Looking for inspiration as I worked on my video for Say Everything, I went back and re-viewed Michael Wesch’s brilliant Web 2.0 video, “The Machine is Us/ing Us.” It’s had something like 10 million views on YouTube, so you probably saw it already, but if not, it really is worth your 4 minutes.
One of Wesch’s basic points is that it was the separation of form from content — of the software layer that presents content from the layer that stores the data — that made the entire boom of the user-contributed Web possible. In many ways this is inarguable. Such separation is a basic principle of good content-management software; the tool that publishes my blog (and millions of others) depends on code that keeps these realms pretty much in their respective corners, allowing us to alter at will how we dress up what we publish, and to flow the same material easily through different digital pipes.
But two things nag at me about this argument.
The first is a historical observation. The code we rely on today to produce Web sites and blogs, with its XML and XHTML and versatile but painfully complex CSS templates, is daunting to the uninitiated. When I built my first website in 1994 you could learn enough HTML to do so in an hour or so. You couldn’t do a fraction of what we can do today; but you could publish. As Justin Hall trumpeted on his how-to pages, “HTML is easy as hell!”
And it was that sort of ease that kickstarted the early Web and inspired the whole long train of development that has led to millions of blogs and Flickr and Facebook and Twitter and whatever’s coming next. It wasn’t essential to separate form and content to get this stuff going. Had HTML been more elegant, it would probably also have been more impenetrable and unforgiving. And we would all be the poorer for it.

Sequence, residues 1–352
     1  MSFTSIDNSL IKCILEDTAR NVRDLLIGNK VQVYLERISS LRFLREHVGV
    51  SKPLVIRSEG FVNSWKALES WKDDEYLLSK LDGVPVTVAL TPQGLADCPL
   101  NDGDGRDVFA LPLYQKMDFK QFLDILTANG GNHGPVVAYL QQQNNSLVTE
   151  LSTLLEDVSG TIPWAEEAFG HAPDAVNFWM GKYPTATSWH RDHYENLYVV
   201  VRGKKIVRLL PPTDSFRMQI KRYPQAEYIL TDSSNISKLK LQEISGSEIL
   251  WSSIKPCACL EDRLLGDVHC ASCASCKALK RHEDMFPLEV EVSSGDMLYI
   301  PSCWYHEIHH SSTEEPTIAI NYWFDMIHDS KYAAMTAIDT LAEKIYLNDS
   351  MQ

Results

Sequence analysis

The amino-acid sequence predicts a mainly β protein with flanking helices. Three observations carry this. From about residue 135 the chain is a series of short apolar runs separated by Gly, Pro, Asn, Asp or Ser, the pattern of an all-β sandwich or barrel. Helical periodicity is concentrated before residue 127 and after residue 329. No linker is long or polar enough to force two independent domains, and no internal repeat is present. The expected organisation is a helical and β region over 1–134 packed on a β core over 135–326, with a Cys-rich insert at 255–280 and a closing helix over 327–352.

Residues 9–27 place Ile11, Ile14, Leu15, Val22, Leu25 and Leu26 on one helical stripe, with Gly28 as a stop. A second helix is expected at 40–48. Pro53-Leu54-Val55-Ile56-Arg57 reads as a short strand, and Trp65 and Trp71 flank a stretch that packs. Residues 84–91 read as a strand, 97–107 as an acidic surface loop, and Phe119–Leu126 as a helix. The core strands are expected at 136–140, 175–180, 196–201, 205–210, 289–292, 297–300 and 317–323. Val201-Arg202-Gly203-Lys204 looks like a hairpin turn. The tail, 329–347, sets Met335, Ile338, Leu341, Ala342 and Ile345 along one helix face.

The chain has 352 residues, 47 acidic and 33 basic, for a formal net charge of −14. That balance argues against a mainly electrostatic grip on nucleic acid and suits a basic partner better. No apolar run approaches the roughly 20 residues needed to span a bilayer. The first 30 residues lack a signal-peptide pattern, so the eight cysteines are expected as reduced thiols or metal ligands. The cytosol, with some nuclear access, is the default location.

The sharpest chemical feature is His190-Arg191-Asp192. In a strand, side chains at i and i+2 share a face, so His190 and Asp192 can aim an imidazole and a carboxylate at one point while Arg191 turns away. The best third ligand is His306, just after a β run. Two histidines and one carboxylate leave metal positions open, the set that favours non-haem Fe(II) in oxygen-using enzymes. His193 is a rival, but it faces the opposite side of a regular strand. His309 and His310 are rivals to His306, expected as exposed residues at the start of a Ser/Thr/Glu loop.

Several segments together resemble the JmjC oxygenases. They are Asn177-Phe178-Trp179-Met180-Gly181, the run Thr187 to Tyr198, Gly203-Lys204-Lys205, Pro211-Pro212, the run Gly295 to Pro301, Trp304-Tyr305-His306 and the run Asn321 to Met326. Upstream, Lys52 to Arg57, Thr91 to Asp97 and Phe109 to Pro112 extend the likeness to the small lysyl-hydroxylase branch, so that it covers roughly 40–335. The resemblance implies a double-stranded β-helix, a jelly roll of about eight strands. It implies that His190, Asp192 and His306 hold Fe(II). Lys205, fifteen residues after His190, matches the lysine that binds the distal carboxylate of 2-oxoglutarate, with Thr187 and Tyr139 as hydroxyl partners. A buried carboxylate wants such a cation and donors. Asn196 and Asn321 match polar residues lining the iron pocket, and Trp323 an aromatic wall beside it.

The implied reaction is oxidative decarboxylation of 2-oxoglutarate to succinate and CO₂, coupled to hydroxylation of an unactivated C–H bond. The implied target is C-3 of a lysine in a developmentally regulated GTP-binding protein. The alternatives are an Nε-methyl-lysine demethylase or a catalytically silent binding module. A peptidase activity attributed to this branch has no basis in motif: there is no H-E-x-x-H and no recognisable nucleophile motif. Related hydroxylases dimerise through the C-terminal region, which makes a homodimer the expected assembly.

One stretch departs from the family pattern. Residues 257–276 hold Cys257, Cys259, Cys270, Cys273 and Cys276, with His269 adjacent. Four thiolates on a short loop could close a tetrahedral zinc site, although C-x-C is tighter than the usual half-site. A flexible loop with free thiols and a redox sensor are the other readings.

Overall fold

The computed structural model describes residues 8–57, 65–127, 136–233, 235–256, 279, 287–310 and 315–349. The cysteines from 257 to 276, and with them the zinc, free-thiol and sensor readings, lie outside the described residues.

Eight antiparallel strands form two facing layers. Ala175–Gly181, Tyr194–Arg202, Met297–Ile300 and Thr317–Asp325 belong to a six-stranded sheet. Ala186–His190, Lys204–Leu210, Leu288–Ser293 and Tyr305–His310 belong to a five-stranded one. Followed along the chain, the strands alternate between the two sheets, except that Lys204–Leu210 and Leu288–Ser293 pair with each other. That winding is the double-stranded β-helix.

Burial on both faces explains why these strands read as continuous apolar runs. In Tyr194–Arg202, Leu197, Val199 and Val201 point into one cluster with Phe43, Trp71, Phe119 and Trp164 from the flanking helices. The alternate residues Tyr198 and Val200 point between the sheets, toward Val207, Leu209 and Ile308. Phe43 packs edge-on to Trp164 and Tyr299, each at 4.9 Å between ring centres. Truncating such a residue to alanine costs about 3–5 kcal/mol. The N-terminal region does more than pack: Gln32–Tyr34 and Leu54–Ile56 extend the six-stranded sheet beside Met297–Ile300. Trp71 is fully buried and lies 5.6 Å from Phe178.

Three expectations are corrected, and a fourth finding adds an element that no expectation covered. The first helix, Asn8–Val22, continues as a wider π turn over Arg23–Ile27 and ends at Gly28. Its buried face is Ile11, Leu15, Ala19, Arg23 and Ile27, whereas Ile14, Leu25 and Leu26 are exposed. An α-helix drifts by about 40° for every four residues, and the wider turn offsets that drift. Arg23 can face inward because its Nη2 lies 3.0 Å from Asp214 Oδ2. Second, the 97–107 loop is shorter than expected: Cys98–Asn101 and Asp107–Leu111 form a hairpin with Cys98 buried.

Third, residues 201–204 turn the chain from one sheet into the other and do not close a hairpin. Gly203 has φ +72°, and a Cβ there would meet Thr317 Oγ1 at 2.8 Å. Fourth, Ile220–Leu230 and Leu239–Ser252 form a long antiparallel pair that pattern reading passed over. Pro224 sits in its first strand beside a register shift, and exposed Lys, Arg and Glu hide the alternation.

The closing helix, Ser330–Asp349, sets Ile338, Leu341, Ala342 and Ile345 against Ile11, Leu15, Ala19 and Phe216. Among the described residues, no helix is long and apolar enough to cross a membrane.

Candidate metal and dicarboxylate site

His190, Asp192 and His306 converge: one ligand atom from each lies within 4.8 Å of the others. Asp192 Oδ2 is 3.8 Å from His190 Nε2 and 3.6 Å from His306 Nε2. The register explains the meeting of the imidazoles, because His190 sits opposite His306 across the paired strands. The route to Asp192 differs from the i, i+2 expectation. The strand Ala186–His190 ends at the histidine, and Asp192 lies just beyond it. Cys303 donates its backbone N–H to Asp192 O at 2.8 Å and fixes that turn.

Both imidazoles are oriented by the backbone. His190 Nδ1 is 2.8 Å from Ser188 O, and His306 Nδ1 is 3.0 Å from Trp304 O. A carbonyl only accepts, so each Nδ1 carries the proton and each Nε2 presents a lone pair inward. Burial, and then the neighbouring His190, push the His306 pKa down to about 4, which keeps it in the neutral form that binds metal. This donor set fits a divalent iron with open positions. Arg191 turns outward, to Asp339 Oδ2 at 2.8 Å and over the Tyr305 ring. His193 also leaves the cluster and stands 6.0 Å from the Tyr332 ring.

Now today, of course, most of us don’t know or care about either HTML or the more complex layers behind it; our tools (mostly) succeed in hiding all that from us. But it’s important to remember that the vision of a fecund, collaborative, populist Web preceded the emergence of the tools that made it a mass reality. And the vision was in turn inspired by the “easy as hell” nature of the Web’s original authoring technology — which didn’t bother to separate form from content.
The second observation is an aesthetic one. Even as Wesch’s video is extolling the cordoning off of form from content, it is giving us a lesson in the intricate interweaving of content and form. Wesch tells his story in images and screen-grabs that embody the points he is making. The video’s own saga — in which a hitherto obscure young anthropology professor in Kansas cobbles together a video and reaches a global audience of millions — further reflects its themes.
This inseparability of form and content has always been a hallmark of artistic achievement. In successful creative work, form infuses content and content informs form and the two are joined at the hip in ways only a fool would ever wish to separate. That is something Wesch obviously understands. It’s important for the rest of us, in this era of streamlined content management and templated presentations, not to forget it.